In her article titled ‘The New Age of Aging,’ released on February 22/February 29, 2016 in the ‘Longevity’ issue of Time Magazine, Laura L. Carestansin of the Stanford Center on Longevity touched on several hurdles seniors confront in the twilight of their lives.
Americans now live into their eighties, nineties and beyond, she said. With the increase in longevity come medical and financial woes. For example, the number of Americans who suffer from Alzheimer’s disease could reach close to 14 million in 2050, and lots of seniors outlast their financial savings.
The article couldn’t have come at a more auspicious time. I found it by chance while in search of contents for a new nonprofit organization to help elders in my hometown of Akokwa, in Nigeria.
Preparation for a comfortable old age should start early in life, counseled Ms Carestansin. However, early preparation for an anticipated long life is new to the human species, an inclination she blamed on an evolutionary tilt anchored on our previous short lifespan going back over many thousands of years.
Wrong choices in food habits or lifestyle made at a young age contribute to discomfort in old age. Habits such as smoking and a sedentary lifestyle are the two primary culprits. Cigarette smoking leads to debilitating lung disease and lung cancer, while a sedentary lifestyle contributes to obesity, diabetes, and dementia.
If Americans could exercise more, save more and socialize more they could improve their opportunity for a better quality of life in their senior years. Strong social ties among older people help reduce stress, boost confidence, and have a positive impact on the aging process. Furthermore, she said, early life education improves both the quality and the length of life.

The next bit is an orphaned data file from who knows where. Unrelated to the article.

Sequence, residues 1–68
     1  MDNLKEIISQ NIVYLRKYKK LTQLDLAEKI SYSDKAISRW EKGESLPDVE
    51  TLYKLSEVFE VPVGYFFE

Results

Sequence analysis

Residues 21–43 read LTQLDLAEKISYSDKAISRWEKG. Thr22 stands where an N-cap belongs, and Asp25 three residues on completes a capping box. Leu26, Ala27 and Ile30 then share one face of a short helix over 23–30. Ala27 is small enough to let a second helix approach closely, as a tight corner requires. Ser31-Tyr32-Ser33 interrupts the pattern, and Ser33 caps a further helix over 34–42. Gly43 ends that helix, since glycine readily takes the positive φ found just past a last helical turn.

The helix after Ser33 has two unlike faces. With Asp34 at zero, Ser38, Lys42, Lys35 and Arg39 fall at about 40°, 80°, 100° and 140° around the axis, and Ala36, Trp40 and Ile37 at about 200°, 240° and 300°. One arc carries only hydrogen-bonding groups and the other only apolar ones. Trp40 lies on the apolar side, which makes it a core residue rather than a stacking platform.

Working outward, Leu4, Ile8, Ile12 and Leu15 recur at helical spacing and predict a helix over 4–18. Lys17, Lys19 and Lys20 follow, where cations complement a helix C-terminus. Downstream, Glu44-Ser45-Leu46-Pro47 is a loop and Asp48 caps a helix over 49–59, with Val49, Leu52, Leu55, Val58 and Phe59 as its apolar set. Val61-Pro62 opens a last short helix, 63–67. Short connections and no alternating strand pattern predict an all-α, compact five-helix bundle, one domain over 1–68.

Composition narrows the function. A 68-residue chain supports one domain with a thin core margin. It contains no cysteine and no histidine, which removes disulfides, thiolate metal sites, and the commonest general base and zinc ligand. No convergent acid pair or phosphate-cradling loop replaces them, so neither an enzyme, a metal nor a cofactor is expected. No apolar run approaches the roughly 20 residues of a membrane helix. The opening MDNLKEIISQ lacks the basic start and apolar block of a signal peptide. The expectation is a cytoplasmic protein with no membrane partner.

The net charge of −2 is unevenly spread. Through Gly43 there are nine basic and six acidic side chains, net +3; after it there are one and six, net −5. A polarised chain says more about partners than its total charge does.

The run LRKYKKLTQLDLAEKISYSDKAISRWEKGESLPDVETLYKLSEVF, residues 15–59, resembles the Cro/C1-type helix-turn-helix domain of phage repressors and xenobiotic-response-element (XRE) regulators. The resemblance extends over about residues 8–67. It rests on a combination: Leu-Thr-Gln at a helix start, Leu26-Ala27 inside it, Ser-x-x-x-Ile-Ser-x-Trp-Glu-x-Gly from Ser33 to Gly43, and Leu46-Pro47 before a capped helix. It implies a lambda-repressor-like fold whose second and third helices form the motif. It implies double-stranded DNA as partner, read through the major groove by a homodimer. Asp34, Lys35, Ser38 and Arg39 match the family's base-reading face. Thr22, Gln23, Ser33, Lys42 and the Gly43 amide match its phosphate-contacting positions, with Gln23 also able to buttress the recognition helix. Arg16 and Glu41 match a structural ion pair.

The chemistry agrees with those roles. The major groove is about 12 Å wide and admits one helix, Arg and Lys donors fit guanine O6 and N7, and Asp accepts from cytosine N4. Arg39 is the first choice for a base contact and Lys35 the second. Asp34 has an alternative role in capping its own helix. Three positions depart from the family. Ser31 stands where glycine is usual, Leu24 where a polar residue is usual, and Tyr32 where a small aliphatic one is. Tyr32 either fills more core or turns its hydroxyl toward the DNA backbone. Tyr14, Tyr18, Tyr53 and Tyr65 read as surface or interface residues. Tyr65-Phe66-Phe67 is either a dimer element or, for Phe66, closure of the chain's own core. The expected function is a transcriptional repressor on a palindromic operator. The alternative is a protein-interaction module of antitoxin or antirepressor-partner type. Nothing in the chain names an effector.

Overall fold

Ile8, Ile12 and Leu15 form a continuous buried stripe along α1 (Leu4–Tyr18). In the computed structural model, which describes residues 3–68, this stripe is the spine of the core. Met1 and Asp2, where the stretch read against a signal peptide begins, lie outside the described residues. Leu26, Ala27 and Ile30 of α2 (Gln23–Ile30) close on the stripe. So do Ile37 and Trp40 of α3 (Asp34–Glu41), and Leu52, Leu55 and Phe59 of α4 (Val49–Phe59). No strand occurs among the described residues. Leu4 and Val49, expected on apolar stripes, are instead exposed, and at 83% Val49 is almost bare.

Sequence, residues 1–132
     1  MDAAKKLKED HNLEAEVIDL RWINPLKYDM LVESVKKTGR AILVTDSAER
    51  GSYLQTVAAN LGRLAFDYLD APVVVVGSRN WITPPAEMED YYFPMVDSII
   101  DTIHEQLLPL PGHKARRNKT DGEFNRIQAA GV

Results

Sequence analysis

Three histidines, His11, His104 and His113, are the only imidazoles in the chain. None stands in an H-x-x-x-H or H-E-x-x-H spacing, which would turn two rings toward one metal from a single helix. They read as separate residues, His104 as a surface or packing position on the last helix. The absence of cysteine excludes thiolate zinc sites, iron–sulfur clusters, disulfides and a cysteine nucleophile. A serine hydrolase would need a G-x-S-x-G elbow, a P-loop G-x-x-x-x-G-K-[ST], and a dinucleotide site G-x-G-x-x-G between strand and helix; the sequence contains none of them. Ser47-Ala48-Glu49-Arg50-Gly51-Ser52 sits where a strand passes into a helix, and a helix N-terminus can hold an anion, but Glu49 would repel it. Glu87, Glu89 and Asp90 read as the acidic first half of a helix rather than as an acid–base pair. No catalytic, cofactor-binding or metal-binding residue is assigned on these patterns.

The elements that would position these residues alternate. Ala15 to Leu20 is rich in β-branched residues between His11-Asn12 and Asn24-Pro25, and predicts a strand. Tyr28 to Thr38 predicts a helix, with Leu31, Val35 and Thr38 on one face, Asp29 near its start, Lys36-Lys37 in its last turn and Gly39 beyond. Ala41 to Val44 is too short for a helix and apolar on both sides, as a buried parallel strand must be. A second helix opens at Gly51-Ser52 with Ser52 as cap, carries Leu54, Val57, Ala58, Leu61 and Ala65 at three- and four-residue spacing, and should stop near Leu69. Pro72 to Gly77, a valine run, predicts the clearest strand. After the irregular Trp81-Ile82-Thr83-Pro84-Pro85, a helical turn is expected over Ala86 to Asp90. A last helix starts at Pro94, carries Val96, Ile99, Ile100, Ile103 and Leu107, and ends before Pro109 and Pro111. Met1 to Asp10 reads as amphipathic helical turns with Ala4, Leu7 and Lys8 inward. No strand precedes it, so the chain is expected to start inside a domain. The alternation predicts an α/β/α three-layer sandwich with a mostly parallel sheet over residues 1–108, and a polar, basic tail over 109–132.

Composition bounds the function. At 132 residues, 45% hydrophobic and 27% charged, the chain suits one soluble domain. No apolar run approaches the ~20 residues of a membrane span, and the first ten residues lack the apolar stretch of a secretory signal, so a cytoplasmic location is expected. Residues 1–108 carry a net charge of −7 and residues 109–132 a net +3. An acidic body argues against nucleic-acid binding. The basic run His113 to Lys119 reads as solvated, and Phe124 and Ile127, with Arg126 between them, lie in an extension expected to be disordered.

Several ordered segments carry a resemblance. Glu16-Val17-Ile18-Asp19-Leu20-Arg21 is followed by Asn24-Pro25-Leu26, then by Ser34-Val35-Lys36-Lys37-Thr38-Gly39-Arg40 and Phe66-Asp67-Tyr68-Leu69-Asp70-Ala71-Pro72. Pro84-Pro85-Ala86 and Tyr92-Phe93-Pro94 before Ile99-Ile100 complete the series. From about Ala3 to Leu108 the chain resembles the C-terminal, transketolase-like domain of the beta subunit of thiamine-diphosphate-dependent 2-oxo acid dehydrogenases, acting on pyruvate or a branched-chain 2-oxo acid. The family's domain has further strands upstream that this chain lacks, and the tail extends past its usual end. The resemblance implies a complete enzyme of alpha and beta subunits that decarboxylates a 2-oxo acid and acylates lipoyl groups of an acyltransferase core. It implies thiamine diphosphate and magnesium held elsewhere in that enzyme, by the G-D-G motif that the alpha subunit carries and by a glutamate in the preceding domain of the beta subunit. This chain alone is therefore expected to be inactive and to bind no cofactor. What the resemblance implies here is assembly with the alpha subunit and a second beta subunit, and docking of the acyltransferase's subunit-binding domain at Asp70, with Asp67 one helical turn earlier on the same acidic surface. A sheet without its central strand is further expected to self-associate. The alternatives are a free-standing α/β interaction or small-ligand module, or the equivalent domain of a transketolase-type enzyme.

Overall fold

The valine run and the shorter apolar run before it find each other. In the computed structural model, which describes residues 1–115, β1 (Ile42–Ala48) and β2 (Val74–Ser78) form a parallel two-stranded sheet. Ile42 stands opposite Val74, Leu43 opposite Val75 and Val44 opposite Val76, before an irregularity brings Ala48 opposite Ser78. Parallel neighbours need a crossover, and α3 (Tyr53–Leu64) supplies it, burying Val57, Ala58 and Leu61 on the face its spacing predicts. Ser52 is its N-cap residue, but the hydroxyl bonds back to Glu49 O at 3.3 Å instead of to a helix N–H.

What surprised me is the commonality of problems between seniors in America and their counterparts in Akokwa.
Ms Carestansin reminisced about how a farming lifestyle used to keep Americans in good physical shape. Not any more, she regretted. The decrease in farm work is as noticeable in the United States as it is in my hometown, and probably in the whole of Nigeria.
Eating habits in Nigeria have degenerated to match the American proclivity for fast food. Fried chicken has replaced vegetables, and fried chips and potatoes have replaced fruits. Sudden death, until now rare in rural Nigeria, is on the rise.
Globalization and subsequent migration, the author pointed out, take relatives and friends away from seniors.
Nowhere else is the consequence of social dislocation more abrupt and costly than in underdeveloped countries. Gone are the days when old African men and women could expect their children to provide the social security nets their parents once envisioned.
Anselm Anyoha MD